Bernadette Wicks
Senior court reporter
2 minute read
3 Nov 2021
11:20 am

Arrest warrant issued for Magashule’s US-based former personal assistant

Bernadette Wicks

Moroadi Cholota promised cooperation on the corruption case involving Magashule, but later did decided against it. 

Moloadi Cholota promised cooperation with the state, but later did an about-turn on her decision. Photo: YouTube screenshot

Suspended ANC secretary-general Ace Magashule’s former personal assistant, Moroadi Cholota, has apparently backtracked on an earlier agreement to be a state witness in his fraud and corruption case, and is now facing prosecution herself.

This emerged in the Bloemfontein High Court on Tuesday morning, when Magashule and his 15 co-accused in the case – which centres on a controversial R255 million contract meant to identify and eradicate asbestos roofing on low-cost homes across the Free State – made another appearance in the dock.

Cholota’s name was mentioned at the State Capture Commission of Inquiry, during the testimony of the former Free State economic development MEC Mxolisi Dukwana – who also fingered Magashule in the asbestos scandal at the commission. But early on in the court proceedings, the state announced she had turned state witness.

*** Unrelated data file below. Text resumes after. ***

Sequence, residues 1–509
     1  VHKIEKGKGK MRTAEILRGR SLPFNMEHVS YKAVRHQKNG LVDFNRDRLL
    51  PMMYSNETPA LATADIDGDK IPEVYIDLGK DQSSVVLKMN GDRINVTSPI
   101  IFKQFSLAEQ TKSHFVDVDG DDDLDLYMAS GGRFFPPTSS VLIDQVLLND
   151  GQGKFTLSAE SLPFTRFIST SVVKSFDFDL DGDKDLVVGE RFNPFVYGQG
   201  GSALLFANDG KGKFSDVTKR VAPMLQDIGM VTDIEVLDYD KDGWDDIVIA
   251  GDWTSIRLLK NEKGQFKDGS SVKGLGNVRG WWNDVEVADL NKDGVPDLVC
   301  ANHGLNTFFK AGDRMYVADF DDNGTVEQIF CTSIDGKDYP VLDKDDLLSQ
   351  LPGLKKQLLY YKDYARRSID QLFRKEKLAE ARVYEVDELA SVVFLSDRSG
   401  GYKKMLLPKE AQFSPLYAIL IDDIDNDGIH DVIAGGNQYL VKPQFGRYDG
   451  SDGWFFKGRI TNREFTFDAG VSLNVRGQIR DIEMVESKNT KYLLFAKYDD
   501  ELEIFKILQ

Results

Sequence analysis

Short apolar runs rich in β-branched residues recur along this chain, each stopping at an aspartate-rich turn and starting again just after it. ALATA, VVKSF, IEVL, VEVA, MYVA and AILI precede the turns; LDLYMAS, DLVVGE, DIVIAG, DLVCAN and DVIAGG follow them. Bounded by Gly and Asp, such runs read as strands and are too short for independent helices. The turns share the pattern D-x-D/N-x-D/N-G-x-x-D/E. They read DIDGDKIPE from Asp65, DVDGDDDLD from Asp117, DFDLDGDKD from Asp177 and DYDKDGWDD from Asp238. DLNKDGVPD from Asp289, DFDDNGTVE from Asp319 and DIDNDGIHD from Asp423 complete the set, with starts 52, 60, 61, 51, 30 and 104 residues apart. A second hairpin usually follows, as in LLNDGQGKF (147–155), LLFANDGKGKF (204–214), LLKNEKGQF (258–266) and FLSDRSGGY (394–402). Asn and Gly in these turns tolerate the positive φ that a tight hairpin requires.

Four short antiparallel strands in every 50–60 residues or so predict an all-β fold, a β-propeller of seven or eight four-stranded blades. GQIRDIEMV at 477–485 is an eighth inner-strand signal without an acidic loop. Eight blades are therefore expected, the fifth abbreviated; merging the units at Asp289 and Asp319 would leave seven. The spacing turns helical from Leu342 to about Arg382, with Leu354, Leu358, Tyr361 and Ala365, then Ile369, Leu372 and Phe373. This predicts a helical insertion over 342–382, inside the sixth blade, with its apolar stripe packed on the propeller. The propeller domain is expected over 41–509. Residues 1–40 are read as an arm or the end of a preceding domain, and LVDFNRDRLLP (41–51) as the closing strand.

This became a bone of contention down the line, though. And in response to questions around the issue on Wednesday morning, state advocate Johan De Nysschen told the court she had now reneged on the agreement.

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He said local detectives had travelled to the United States – where she is living at the moment – to take her statement but that she had refused to cooperate.

“In the circumstances, I had no choice but to sign a warrant of arrest for her, and we are now busy with the process to get her back in South Africa,” De Nysschen said.

Her name would be added to the charge sheet as soon as she was back, he went on.

He denied any suggestion of dishonesty on the part of the state about Cholota’s status as a witness in the past, saying the latest developments were recent.

“She promised her cooperation but when push came to shove she did not want to cooperate – clearly and bluntly. So that changed the whole situation,” De Nysschen said.

Magashule was the Free State’s premier at the time the asbestos removal contract was awarded.

He and his co-accused stand charged with multiple counts of fraud, corruption and money laundering (among others) over the award, which ultimately resulted in little to no work ever actually being done.

The court heard that several of the accused had plans to raise formal objections which had to be heard ahead of the start of the trial.

Some claim they weren’t afforded the opportunity to make representations before they were charged with certain offences and that this was in breach of the relevant legislation.

Others, meanwhile, are challenging the state’s reliance on testimony they gave at the commission.

The case was postponed to February for these objections to be argued.